Gloomingly regarding the performance of their economy, Americans often wonder if it isn't becoming necessary to steer the course of industrial development more forcefully. How about picking the likeliest growth industries and pushing them? If you don't like that idea, how about manipulating tax and trade policies to encourage industrial growth generally?
That's what President Reagan's supply-side strategy is supposed to do. Since it isn't working, what are the other possibilities?
The Wharton School, at the University of Pennsylvania, called a conference on those questions a year ago. Now two Wharton economists, Michael L. Wachter and Susan M. Wachter, have published the substance of the conference-- the papers, and the comments on them from a range of businessmen and labor leaders as well as economists. There is no consensus among them, just as there is none in the country generally. You will notice that the Wachters' title ends with a question mark.
But if you want one book that covers the breadth of the industrial policy controversy, as it is carried on among thoughtful and sophisticated people, this one will serve you well.
Any discussion of the subject is likely to begin with the claim that other countries--especially Japan, France and Germany--have sharp and clear industrial policies successfully supporting their growth at the expense of the United States.
In an illuminating survey of foreign experience, George Eads, an economist with the Rand Corporation, warns that it adds up to two words: Be cautious.
Rep. Henry Reuss (D-Wis.), the chairman of the Joint Economic Committee, probably speaks for the majority when he says: "Can our federal government do a better job than the market in deciding what products, firms and industries will prosper in the future? I doubt it." There are distinguished dissenters, but there's also an undercurrent of uneasiness that "industrial policy" is turning into a mere slogan, concealing the magnitude of the dislocations ahead.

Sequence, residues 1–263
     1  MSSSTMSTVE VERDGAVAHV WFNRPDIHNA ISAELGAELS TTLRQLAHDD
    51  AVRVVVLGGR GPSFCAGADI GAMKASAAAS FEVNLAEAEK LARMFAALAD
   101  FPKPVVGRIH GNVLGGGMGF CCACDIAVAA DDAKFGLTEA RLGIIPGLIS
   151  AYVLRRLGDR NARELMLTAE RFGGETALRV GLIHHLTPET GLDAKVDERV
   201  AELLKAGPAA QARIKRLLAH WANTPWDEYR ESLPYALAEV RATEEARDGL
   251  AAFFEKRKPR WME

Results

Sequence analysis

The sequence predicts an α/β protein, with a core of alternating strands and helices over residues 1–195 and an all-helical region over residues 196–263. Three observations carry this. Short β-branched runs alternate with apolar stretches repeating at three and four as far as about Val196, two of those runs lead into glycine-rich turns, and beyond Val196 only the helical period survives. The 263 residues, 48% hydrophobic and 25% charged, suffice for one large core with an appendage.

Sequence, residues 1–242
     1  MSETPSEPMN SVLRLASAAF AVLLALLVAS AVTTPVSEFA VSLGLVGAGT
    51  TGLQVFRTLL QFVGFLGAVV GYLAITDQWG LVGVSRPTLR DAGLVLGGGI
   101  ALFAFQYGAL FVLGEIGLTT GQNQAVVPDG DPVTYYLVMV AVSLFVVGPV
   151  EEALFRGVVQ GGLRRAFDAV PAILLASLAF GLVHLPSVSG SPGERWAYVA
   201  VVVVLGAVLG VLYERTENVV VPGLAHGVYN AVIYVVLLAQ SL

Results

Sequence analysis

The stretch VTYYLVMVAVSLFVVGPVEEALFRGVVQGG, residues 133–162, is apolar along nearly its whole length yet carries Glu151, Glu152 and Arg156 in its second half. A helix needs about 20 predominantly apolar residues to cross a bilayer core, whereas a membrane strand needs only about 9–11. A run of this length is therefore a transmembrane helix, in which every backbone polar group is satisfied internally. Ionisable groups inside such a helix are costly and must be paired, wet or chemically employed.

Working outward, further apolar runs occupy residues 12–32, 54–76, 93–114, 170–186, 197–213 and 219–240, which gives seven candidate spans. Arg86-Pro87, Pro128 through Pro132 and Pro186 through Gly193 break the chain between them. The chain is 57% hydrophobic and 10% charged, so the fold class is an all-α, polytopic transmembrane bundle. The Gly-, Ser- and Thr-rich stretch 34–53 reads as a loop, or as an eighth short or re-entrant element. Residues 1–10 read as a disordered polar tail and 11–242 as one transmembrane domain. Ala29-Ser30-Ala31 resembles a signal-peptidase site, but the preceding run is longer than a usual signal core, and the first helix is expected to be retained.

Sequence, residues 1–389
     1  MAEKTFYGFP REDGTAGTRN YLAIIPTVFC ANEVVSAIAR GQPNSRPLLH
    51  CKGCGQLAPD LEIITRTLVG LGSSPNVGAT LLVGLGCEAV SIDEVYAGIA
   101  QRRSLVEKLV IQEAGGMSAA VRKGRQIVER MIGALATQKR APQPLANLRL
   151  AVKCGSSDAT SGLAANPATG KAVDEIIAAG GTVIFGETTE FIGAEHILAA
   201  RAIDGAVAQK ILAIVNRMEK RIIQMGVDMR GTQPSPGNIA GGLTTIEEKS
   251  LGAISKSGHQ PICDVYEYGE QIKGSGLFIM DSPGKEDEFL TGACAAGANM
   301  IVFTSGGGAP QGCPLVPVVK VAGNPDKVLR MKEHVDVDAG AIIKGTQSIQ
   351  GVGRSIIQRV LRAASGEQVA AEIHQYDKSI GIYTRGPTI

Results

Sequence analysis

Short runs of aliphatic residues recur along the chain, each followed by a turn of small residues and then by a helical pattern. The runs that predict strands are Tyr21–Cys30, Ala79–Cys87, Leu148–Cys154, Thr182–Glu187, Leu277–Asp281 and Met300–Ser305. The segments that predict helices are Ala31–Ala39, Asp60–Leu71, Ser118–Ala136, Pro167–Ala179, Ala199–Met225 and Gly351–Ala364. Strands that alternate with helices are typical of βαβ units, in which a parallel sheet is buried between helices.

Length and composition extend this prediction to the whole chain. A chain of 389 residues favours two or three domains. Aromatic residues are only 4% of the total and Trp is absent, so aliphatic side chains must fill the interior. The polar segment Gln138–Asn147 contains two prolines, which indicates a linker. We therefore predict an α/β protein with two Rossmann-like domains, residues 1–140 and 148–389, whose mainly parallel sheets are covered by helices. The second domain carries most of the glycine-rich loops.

"Industrialization policy implies a tilt of public policy and private endeavor away from personal consumption and government expenditure, and toward investment, especially in manufacturing," observes D. Quinn Mills of the Harvard Business School. One crucial question "is whether we can develop a society with a high tolerance for change in the industrial workplace."
Are the dramatic troubles of the American automobile industry, and parts of the steel industry, a sign of general industrial decline? Not really. Princeton economist William H. Branson observes that American industry, taken all together, remains very competitive and the country's international accounts are solidly in balance. As the country engages more deeply in world trade, jobs and money are moving rapidly into products where the United States has comparative advantages--industrial machinery, chemicals, agricultural products --at the expense of those with no advantages, most visibly including middle-technology, and labor intensive heavy industries like auto making.
Minding America's Business is a very different sort of book, strongly advocating one specific line of industrial policy. The authors, Ira C. Magaziner, a business consultant, and Robert B. Reich, who teaches at Harvard's Kennedy School, denounce the Reagan program as being solely and excessively focused on financial incentives. Instead, they propose a sort of industrial triage: public intervention to move capital and labor out of uncompetitive businesses, "general incentives" for those enjoying comparative advantages in world competition, and special government intervention to share the risks and promote investment in the comers.